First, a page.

Domestic adoptions run the gamut from private adoption of a newborn through adoption lawyers to adoption of older children through the state foster care system. Although 491,000 children were in the foster care system in the United States in 2007,
not all were available for adoption. Many of those available for adoption were older children or those of minority race. While transracial adoptions do take place, most caseworkers prefer to place children with parents of the own race, when possible.

Private adoptions have the advantage of allowing the adoption of a newborn, something no foreign adoption and few public adoption agencies can provide, due to the amount of red tape that must unravel before a child be adopted through these agencies. The disadvantage is the higher cost of private adoption through a lawyer. Well-publicized court cases where natural parents have later petitioned for the return of their child and won the case may also give some adoptive parents pause.

Adopting through state organizations is usually inexpensive. In some cases, adoptive parents receive subsidies to adopt hard-to-place children. The disadvantages to this type of adoption is that many of the children available come from traumatic backgrounds and are older, making them more difficult to parent, especially for inexperienced parents.

Adoptive parents must weigh the pluses and minuses of each type of adoption, as well as their own strengths and weaknesses. Privatized adoption systems certainly have their advantages; efficiently-ran facilities and streamlined systems provide for better adoption experiences. Regardless, publicly-run adoption centers still provide value through facilitating a huge amount of adoptions every year.


Anonymous said...

Still no comments Lindsay.

Lucia Maria said...

Thats terrible that adoption is made so difficult. Those poor mothers who want to give their babies up most likely end up bonding with them during that time.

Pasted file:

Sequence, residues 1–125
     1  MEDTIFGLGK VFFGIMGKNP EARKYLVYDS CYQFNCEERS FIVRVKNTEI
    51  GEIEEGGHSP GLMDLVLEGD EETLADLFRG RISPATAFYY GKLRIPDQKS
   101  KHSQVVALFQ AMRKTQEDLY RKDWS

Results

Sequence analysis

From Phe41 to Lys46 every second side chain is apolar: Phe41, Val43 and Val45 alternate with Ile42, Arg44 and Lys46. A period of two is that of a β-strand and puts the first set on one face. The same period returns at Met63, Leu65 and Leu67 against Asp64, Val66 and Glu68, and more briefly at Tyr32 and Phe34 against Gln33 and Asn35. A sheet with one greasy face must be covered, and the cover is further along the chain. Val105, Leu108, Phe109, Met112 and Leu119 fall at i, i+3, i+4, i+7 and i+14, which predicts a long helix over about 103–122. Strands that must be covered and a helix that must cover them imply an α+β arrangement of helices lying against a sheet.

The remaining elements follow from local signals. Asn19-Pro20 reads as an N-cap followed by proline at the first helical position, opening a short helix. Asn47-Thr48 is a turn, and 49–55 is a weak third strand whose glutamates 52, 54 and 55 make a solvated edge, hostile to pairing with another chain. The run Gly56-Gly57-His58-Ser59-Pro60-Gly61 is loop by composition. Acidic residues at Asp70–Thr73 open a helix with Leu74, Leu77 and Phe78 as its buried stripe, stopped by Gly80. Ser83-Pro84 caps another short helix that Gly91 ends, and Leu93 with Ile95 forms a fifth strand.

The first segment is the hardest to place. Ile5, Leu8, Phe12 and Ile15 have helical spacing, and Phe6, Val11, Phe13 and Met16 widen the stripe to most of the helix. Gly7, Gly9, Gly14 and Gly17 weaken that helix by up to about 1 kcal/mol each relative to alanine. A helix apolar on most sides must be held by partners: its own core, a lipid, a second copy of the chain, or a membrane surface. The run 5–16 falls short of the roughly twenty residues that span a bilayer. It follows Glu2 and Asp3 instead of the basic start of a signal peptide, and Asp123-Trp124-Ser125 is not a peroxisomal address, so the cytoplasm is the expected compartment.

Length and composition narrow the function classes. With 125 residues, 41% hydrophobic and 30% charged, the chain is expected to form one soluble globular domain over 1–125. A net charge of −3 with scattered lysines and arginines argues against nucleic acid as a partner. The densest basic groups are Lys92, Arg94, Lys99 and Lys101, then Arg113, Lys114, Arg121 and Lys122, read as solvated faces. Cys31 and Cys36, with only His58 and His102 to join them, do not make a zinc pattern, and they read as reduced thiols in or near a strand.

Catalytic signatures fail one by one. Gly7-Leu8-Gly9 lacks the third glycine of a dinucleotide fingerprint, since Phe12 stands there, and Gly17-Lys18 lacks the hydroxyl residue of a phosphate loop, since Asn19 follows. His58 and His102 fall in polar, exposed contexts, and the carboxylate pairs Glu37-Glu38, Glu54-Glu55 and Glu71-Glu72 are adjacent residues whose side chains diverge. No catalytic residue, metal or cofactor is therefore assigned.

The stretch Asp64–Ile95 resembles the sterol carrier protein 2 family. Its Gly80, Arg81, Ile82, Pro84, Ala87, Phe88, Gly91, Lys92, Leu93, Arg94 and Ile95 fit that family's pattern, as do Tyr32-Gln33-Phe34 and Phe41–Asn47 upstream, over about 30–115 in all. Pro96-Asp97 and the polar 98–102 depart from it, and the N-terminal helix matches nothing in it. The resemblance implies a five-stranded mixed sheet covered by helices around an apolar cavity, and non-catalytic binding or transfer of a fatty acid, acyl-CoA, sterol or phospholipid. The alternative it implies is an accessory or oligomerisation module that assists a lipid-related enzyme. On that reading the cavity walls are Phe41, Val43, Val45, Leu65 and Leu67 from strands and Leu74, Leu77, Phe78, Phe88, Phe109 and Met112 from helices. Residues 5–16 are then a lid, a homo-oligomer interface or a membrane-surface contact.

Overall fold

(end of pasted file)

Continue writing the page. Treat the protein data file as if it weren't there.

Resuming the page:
Anonymous said...

It's worse than that in NZ. After the mother has kept the baby for a period, the grandparents, then siblings of the mother, then the father, then the father's parents, then the father's siblings must all take a turn caring for the baby as an adoption trial, and only if none of these want to adopt after they have all had a trial, can the baby be adopted to non-family. In the case where the father has taken advantage of the mother, this still has to be the case, and someone in the mother's family can feel pressured to adopt the baby simply to prevent putting the child at risk by allowing the father access to the baby even for a trial. The whole process is extremely harmful to the baby, preventing bonding with any of the trial people. By the time the baby might be adopted outside the family, the baby could be six months to a year old and the critical time for forming a strong attachment to one safe carer almost over.

Lindsay Mitchell said...

Anon (2), Thank you for your input. Is this 'process of elimination' constant across ethnicities?

Anonymous said...

This comment is from my knowledge of the experience of one family (the mother was NZ European) who was in this position. I have no idea of the father's ethnicity.

Lucia Maria said...

I'm even more horrified if what Anon2 is saying is correct.